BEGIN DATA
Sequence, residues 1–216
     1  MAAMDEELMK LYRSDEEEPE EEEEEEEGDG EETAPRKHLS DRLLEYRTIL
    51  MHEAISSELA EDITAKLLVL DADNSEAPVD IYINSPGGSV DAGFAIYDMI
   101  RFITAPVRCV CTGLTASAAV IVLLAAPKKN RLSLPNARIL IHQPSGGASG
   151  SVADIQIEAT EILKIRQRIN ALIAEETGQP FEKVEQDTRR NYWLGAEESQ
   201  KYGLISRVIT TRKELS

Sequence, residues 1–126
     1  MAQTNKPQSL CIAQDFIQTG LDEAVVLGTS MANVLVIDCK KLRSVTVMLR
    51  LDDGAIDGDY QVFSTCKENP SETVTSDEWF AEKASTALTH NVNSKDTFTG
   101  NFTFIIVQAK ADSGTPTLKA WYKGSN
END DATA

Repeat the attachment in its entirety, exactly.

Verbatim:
Sequence, residues 1–216
     1  MAAMDEELMK LYRSDEEEPE EEEEEEEGDG EETAPRKHLS DRLLEYRTIL
    51  MHEAISSELA EDITAKLLVL DADNSEAPVD IYINSPGGSV DAGFAIYDMI
   101  RFITAPVRCV CTGLTASAAV IVLLAAPKKN RLSLPNARIL IHQPSGGASG
   151  SVADIQIEAT EILKIRQRIN ALIAEETGQP FEKVEQDTRR NYWLGAEESQ
   201  KYGLISRVIT TRKELS

Sequence, residues 1–126
     1  MAQTNKPQSL CIAQDFIQTG LDEAVVLGTS MANVLVIDCK KLRSVTVMLR
    51  LDDGAIDGDY QVFSTCKENP SETVTSDEWF AEKASTALTH NVNSKDTFTG
   101  NFTFIIVQAK ADSGTPTLKA WYKGSN